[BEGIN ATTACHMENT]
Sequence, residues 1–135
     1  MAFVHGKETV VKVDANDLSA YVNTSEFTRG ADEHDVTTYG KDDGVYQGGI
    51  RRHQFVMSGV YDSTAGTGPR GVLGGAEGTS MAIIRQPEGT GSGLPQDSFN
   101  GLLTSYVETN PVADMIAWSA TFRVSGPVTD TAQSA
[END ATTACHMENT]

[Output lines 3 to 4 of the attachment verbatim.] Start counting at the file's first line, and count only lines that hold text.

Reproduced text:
    51  RRHQFVMSGV YDSTAGTGPR GVLGGAEGTS MAIIRQPEGT GSGLPQDSFN
   101  GLLTSYVETN PVADMIAWSA TFRVSGPVTD TAQSA